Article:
Friday 14 March 2014

California: Day Eleven - Warner Brothers Studio, Santa Barbara, Pacific Coast, Monterey

One of the things I had booked in advance of this trip was a tour of Warner Brothers Studios. I had wanted to do a studio tour, and there were a few to chose from – Paramount, Warner Brothers and Universal. I had heard mixed things about Paramount, and in order to get into Universal you needed to buy a pass to the theme park. Plus, last year Uncle Beau and Connor did the WB one and loved it, so that was the one I picked.

Our tour time was 9:30 but we checked out of the hotel by 8:00am since Chris had warned us traffic could be a nightmare. Fortunately, it was only a 15-minute drive and traffic was non-existent so we arrived with plenty of time to spare. That worked to our favor as we spent 45+ minutes driving around trying to find a coffee shop. The GPS was telling us there were Starbucks and Peets around, but they seemed to be inside studio buildings that we couldn’t get to. We drove around in circles, before we managed to find a small independent café where we had a quick breakfast to go. Of course, as luck would have it as soon as we entered the main WB building, there was a Starbucks right inside!

The entrance to the tour was off to one side of the WB offices, and in addition to the Starbucks included a gift shop, theater and some artifacts and costumes from the Harry Potter movies. We spent a few minutes looking around before our group was called. They keep the groups small, so there were only about 9 of us all together, and our first stop was the theater. It explained a bit about the Warner Brothers (who were actually brothers!) and how they came to Hollywood with the dream of opening a studio. It was about 15 minutes long, and showed a bunch of clips from the various TV Shows and Movies that had been filmed there. Afterward we met our guide, who was amazing! I forget his name, but he was very knowledgeable and personable, and made the tour a lot of fun.

We boarded a large golf-cart/trolley thing and drove across the street into the Studios. The tour started by going down the “big city” streets. These are the outdoor sets of a city such as NYC or Chicago. They include storefronts of shops and restaurants, apartments, theaters, parks, and subway entrances. Our guide explained how these sets are decorated and set-up for the movies and TV shows that need them. As we drove along he pointed out areas that had been used for shows like Friends, The Big Bang, Pretty Little Liars and ER.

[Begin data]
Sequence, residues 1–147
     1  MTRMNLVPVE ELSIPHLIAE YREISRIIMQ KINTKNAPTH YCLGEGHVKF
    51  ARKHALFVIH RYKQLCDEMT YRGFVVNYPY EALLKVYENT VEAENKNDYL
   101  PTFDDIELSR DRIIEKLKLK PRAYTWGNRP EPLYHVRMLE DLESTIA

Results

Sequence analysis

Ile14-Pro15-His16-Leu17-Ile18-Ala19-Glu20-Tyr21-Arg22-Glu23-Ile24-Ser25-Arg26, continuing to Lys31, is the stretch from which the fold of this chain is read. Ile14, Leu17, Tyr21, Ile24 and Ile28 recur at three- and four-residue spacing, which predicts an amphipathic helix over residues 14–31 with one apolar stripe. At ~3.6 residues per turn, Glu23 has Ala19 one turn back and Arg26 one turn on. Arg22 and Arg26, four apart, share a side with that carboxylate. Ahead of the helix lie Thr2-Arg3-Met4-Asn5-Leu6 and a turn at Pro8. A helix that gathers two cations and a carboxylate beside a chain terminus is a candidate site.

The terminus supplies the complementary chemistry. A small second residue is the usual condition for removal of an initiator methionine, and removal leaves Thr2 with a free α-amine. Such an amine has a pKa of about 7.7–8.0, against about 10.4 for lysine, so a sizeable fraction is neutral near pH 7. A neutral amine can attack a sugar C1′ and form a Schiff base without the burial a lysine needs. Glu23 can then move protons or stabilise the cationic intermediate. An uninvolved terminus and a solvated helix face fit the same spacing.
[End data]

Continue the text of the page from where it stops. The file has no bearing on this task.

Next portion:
There was a set of train tracks off to the side, which had been built especially for ER. We also got to see the small alleyway that had been made famous by the Spiderman/Mary-Jane upside down kiss in Spiderman 2. Interesting fact, that scene was filmed with rain effects and since the actor was upside down for it, the water kept piling up in his mask choking him. They finally had to put rolled up gauze inside his nose so he wouldn’t breathe in the water, and then use the computer to add in his lines afterward since the gauze prevented him from speaking normally.

Train tracks from ER

Spiderman Kiss Alley
When shows and movies need the sets, their team of set-decorators etc. will come in and spent a day or two setting it up. This includes adding store names and items, setting up cafes and restaurants, and often painting the exterior different colors. Because they want the city to look older and authentic, they brought in actual older fire escapes from NYC to put on the buildings. But because they were dangerous, they had to repair them and then re-paint them to make them appear older. It’s all about making things look real, and ensuring the set is believable of the city is it supposed to be.

We drove down to an area where they have the larger buildings that are been used as museums, theaters, and city halls. We also got to see a subway entrance that holds about 30 people inside. Apparently, it gets pretty claustrophobic down there when they are shooting a scene that involves a bunch of people spilling out of the subway tunnel!

This is often used as a park set - and has been Central Park in NYC a bunch of times.  In Friends it was in the scene with Rachel and Pheobe running crazily though the park. 

Our first stop was a costume and prop museum and it was awesome. The entire second floor is devoted to items from the Harry Potter films. They include costumes from many of the cast, as well as props like the sorting hat, beds from the hospital, and an incredible prop that was used in the second movie when Hermonie was petrified. It took them months to make this prop, and everything was modeled after the actress. They even put the strands of hair in individually as to make it look believable.